At the Water's Edge : Fish with Fingers, Whales with Legs, and How Life Came Ashore but Then Went Back to Sea

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A Year in Reading: Tahmima Anam

I’m writing a novel about a paleontologist, so the books I’ve read this year stray far from my usual reading habits. At the Water’s Edge: Fish with Fingers, Whales with Legs by Carl Zimmer is about two great macroevolutionary events: the conversion of fish to land animals, and the subsequent return of land animals to the sea. Zimmer has the gift of explaining major scientific discoveries in the simplest, most seductive terms: the book is every bit as gripping as any adventure thriller.

The Rarest of the Rare: Stories Behind the Treasures at the Harvard Museum of Natural History is a beautiful illustrated introduction to one of the great research collections devoted to the natural world. My favorite chapter is about Stupendemys Geographicus, the largest species of turtle ever discovered. The shell, which was found in the Venezuelan desert in 1972, was so big that it had had to be broken into 30 pieces for shipment. I’ve seen the reassembled fossil, and it sits like a giant undulating cape in the middle of the museum, 6 million years old and, as its name suggests, utterly astonishing.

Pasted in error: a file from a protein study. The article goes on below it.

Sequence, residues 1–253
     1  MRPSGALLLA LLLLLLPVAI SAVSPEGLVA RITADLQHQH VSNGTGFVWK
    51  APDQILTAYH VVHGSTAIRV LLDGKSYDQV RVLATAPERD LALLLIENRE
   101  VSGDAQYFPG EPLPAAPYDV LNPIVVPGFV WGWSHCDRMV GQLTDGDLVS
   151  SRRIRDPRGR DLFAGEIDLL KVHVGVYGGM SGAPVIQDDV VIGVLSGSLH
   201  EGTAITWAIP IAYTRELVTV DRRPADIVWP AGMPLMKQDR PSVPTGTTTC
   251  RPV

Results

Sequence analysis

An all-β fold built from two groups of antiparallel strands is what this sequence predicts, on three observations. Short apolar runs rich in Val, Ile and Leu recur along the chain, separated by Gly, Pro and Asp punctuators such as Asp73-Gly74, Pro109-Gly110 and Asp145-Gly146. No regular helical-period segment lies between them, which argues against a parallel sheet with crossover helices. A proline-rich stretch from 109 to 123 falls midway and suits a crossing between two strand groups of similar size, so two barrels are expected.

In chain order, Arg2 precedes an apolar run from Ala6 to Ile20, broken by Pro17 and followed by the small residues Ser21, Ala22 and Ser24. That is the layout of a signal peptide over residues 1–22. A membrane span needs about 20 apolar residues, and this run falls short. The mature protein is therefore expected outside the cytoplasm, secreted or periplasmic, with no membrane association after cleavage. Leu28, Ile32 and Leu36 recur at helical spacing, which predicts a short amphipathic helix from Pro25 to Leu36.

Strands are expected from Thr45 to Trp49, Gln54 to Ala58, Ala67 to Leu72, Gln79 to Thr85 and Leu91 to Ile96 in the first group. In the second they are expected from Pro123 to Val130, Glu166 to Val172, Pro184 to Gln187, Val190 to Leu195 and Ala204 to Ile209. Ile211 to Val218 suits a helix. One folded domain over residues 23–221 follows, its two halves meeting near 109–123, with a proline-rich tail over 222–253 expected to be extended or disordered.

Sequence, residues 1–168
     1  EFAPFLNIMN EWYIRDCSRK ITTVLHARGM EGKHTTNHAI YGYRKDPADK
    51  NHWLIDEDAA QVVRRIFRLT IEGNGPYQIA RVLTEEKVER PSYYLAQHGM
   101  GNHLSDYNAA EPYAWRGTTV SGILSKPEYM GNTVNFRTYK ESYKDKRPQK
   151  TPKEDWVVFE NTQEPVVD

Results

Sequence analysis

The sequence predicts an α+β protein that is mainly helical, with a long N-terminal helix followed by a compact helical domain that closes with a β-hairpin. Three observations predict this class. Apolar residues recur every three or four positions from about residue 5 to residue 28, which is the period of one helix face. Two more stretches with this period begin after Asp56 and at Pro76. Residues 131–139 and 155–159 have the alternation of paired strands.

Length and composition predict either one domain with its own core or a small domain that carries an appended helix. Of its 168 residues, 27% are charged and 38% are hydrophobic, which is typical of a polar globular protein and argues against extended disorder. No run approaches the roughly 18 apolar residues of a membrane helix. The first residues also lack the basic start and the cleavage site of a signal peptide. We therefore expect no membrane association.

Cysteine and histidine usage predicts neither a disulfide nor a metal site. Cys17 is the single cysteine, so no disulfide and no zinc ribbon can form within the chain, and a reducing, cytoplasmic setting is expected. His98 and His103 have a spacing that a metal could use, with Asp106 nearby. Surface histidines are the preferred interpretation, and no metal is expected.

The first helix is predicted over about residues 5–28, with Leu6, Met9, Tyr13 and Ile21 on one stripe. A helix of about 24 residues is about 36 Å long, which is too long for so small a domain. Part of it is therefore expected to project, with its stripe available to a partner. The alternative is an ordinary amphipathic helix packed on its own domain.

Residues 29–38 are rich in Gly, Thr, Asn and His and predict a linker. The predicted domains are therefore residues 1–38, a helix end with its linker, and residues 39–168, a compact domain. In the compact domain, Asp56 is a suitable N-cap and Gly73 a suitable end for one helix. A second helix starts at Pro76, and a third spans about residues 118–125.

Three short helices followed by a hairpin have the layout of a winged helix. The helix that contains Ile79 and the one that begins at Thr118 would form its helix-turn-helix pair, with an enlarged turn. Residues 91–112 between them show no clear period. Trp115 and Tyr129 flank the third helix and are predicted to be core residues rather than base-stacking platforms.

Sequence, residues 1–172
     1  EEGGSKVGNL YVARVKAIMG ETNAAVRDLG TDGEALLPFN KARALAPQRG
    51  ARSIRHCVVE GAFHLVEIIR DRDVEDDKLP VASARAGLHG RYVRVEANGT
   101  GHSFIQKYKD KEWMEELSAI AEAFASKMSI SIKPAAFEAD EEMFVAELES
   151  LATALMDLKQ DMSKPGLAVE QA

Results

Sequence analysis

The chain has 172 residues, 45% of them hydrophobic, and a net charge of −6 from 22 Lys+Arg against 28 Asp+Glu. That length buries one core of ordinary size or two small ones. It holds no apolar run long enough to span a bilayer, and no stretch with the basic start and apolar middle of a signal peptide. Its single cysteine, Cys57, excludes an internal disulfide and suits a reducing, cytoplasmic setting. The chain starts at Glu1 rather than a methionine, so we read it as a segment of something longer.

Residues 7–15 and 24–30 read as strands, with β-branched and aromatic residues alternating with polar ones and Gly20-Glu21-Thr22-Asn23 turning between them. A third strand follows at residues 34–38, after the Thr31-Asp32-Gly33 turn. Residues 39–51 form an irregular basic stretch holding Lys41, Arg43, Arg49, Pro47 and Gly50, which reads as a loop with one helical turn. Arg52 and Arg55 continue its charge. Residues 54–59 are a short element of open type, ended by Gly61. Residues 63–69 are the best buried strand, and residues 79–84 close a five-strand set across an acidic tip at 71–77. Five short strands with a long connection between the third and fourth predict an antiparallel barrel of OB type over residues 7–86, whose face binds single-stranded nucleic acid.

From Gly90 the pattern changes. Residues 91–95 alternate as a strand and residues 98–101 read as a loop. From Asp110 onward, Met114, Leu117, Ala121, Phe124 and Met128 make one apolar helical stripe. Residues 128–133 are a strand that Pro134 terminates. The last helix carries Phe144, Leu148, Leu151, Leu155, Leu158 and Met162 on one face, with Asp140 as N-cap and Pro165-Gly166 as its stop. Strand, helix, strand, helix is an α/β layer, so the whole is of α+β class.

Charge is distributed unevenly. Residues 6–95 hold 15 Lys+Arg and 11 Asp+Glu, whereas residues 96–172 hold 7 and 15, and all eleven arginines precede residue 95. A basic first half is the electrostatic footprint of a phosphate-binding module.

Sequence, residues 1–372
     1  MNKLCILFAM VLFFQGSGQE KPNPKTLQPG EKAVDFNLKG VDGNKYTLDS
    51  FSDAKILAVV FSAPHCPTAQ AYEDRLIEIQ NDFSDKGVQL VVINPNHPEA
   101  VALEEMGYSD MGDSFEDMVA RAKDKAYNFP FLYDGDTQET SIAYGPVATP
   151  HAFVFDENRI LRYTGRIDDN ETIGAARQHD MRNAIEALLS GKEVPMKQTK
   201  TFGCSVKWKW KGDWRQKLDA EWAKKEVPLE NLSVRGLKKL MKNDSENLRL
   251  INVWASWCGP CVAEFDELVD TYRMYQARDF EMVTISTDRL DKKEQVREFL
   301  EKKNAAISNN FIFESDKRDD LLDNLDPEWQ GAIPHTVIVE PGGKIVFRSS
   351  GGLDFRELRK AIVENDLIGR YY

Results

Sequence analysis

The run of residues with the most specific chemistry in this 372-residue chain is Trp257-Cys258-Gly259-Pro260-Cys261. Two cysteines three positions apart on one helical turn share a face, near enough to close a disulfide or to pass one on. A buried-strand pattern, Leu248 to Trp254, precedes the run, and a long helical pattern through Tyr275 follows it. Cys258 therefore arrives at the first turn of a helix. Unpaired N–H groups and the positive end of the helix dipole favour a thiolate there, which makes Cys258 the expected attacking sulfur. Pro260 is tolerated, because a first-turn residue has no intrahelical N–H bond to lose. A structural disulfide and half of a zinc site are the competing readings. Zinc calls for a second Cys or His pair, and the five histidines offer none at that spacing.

Finally, a novel: Euphoria, by Lily King, about a bunch of crazy anthropologists in New Guinea at the start of the 20th century. As a student of anthropology, the figures of Margaret Mead, Reo Fortune, and Gregory Bateson were mythical, not least because they didn’t just write the canonical texts of the field, but were also in a love triangle that led Mead to leave Fortune for Bateson in the summer of 1933. Lily King’s book brings all of that alive, the biographical element in service of a genuinely original plot — if only she had written the book a decade ago, when I was a sad graduate student who dreamed of being a writer.

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